What Can I Do With An Accounting Degree – Part 1 of 3

Introduction

In Part 1 of this series, I’ll discuss the different career paths that a student with an Accounting degree can pursue, as well as briefly describe what it means to become a Certified Public Accountant (CPA)

Career Paths: Industries & Specializations

Accountants can choose from a variety of different career paths; there are several different industries and specializations that an accounting graduate can pursue.  Choosing an industry basically means choosing who you want to be employed by.  There are 6 primary industries: Public, Corporate, Non-Profit, Education, Government, and Consulting.  I will review each of these in further detail.

Public – Public is usually used as an abbreviation for Public Accounting Firm.  The vast majority of students who graduate with an undergraduate degree choose to work for a public accounting firm performing accounting services for a variety of different clients.  Some of the major public accounting firms include: PricewaterhouseCoopers (PwC), Deloitte, KPMG, and Ernst & Young.

Corporate – Corporate refers to accountants who work in an accounting or finance role for a for-profit company like Kraft Foods, Sara Lee Corporation, or PepsiCo.

Non-Profits – Some accountants choose to work for non-profit organizations like the YMCA.

Education – Other accountants choose to use their accounting skills in the education sector to teach various accounting courses to college students.

Government – There is always a need for accountants in every aspect of federal, state, and local government.

Consulting – Consulting refers to using your accounting expertise to provide advice to clients.

Within each of the above discussed industries, there are also several specializations to choose from.  They are as follows: Audit, Forensics, Information Technology, Personal Financial Planning, Tax, and Business Valuation.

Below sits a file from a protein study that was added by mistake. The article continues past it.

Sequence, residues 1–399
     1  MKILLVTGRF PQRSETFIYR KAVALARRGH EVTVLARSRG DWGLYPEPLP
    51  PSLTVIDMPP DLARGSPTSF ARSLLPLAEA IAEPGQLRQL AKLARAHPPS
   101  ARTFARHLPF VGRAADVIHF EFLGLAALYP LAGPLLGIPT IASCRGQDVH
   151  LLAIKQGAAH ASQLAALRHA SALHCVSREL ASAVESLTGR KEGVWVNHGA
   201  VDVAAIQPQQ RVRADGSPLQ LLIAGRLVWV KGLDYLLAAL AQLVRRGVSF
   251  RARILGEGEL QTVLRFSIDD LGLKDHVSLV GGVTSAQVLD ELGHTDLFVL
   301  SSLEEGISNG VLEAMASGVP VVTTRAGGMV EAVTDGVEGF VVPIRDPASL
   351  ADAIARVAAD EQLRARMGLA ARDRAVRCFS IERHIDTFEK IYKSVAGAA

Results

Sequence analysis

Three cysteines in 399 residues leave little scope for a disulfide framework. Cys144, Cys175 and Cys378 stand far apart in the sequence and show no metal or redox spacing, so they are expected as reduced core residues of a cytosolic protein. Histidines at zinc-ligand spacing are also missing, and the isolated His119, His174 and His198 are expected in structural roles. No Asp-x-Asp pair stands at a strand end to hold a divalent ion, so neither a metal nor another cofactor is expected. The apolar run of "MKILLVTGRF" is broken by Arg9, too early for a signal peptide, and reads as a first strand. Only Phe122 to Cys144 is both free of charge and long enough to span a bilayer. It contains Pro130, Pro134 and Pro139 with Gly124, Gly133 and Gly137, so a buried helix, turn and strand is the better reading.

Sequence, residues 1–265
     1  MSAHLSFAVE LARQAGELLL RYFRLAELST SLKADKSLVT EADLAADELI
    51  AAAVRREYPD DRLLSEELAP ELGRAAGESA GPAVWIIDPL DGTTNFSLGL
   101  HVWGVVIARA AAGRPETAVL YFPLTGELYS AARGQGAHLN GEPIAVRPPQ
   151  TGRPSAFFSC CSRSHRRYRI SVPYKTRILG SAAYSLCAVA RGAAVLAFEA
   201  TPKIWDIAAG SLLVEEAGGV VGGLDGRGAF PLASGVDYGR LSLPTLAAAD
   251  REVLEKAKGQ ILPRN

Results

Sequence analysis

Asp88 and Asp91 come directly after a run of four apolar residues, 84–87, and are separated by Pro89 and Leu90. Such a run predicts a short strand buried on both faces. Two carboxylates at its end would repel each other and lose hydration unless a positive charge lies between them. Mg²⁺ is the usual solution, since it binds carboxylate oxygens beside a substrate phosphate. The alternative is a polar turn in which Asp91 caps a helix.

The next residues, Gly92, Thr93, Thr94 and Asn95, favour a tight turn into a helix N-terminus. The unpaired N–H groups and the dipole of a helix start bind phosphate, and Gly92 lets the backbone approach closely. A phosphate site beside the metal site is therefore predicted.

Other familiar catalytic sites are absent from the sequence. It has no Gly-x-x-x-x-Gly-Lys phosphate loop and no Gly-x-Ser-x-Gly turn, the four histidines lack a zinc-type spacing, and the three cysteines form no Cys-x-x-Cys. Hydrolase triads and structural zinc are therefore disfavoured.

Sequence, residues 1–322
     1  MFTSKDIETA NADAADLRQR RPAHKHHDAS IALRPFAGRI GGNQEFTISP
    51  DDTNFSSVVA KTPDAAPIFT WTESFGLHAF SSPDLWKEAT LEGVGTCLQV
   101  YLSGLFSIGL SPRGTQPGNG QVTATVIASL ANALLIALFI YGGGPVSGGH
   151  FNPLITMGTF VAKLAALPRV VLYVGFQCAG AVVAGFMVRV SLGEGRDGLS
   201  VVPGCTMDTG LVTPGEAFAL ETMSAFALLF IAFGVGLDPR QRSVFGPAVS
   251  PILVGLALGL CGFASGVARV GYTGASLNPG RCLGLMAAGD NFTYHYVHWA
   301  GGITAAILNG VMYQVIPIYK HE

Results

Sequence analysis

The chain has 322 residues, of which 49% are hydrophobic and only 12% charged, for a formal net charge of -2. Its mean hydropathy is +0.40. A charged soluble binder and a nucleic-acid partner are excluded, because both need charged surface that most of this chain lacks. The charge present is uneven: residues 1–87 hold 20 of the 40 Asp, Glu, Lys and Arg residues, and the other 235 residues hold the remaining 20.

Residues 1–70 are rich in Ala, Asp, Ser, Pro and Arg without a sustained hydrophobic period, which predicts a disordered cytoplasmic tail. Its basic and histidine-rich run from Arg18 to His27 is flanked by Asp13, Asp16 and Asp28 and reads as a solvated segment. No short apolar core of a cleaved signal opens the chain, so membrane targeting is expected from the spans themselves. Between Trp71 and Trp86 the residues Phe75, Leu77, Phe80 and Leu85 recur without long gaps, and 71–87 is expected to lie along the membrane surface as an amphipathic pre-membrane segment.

• Audit involves ensuring a company’s financial statements are accurate.
  • Forensics involves investigating accounting fraud.
  • Information technology involves translating accounting into technology.
  • Personal financial planning involves helping individuals achieve their financial goals.
  • Tax involves helping companies stay on track with all of the tax laws and regulations.
  • Business valuation accountants help companies determine what they are worth.

Certified Public Accountant (CPA)

“CPA” stands for Certified Public Accountant.  This title is given to accountants in the United States who have passed the Uniform Certified Public Accountant Examination.  All CPAs are accountants, but not all accountants choose to pursue the CPA certification.  The CPA credential is highly valued in a lot of accounting related careers.  In general, CPAs are considered to be trusted financial advisors who help individuals, businesses, and other organizations plan and reach their financial goals.

In order to earn the CPA designation, you must pass a series of examinations, as well as meet certain educational and job experience requirements.  These requirements are called the 3 E’s (Exam, Education, and Experience) and vary from state to state.  The National Association of State Boards of Accountancy (NASBA) determines the laws and rules for each state.

Brief Introduction: Part 2

Part 2 of this series will describe the Certified Public Accountant (CPA) exam requirements and the different types of services that are provided by CPAs, as well as explain the concept of Continuing Professional Education (CPE).  Part 2 will also introduce various professional accounting organizations.

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TheCollegeHelper

TheCollegeHelper

Lauren Anderson is a certified school counselor who's passionate about helping students all over the world successfully transition from high school to college! After spending 6 years as a business professional, she obtained her Master’s degree in School Counseling and now spends her spare time helping students.
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